Business insight – Part IV : Canada Perspective

Feb 8, 2021 | Blog | 0 comments

Many businesses in Canada face dim prospects over the first half of 2021. A successful rollout of vaccines will encourage households to spend some of what they’ve amassed in savings. Household balance sheets are in great shape thanks to government support and travel bans.

Growth opportunities

The federal and provincial governments are pledging continued support to businesses and households. The pandemic will drive up public debt to record levels, putting a strain on government finances and public spending once the crisis is past.

Real GDP is forecast to post growth of 5.3 per cent in 2021 and 3.5 per cent in 2022. This follows the deepest recession in modern times.

After a turbulent 2020, which forced the industry to adapt on the fly to a series of new on-site safety protocols and an abruptly altered building market, contractors are facing volatility in the year ahead, with growth predicted in some segments of the market and decline in others.

New measures,

I. Millions of dollars are available to be invested through the Canadian investing plans. All levels of government need to put their political interest aside to move forward as quickly as possible on infrastructure projects to offset the slow down in private sector.

 

II. Private sector slowed down especially in commercial and residential, government investments should offset this downtrend and keep workers busy.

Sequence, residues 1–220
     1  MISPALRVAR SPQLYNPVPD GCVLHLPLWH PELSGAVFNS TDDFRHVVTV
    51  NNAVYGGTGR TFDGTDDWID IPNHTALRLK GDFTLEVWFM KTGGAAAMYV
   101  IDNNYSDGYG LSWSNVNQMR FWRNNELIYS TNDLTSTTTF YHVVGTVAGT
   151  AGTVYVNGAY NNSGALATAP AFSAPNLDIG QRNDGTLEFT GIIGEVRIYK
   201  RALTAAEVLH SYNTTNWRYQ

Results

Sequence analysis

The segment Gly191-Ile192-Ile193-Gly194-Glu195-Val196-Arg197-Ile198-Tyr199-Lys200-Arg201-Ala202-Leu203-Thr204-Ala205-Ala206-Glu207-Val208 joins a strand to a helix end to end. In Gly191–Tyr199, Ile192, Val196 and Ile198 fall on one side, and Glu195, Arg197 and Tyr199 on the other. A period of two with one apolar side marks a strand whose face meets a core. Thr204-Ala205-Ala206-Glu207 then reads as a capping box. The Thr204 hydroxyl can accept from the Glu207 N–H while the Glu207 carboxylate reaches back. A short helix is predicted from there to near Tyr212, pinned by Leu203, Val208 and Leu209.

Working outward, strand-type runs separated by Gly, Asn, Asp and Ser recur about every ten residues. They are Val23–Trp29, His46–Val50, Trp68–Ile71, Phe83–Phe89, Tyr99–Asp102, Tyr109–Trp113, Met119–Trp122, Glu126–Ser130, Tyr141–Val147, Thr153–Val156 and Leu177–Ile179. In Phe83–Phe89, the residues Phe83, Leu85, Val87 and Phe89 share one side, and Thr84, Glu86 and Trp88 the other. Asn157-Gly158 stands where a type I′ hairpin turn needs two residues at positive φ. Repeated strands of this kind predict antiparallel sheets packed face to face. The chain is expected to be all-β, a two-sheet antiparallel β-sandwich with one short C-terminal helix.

III. Accelerating government investment:

– To avoid further erosion of skilled workers in the market.

– To retain construction workers in an industry that was already facing skill resources scarcity.

– Updating in more sustainable manner aging infrastructures such as highways, roads, bridges, ports, rails, water supply and sewage.

 

IV. Rebalance the situation

– We might see medium and smaller contractor disappear in 2021, we need to rebalance the project risk too long supported by contractors and investors vs owners.

– Review policies and assure prompt payment and less administrative red tape. This should help everyone and will most likely last in the after pandemic.

– Trade barriers may eliminate competitiveness and best of the field when comes to major construction projects.

 

V. Construction did not escape from this transformation. We made the digital adoption faster than ever. We went from traditional ways of working to remote work forcing individual to adapt through technology. This will be beneficial in making the industry more efficient.

 

VI. Made in Canada is the future to be less dependent to others.

 

Louis Fortin, Business Development Manager, Canada

 

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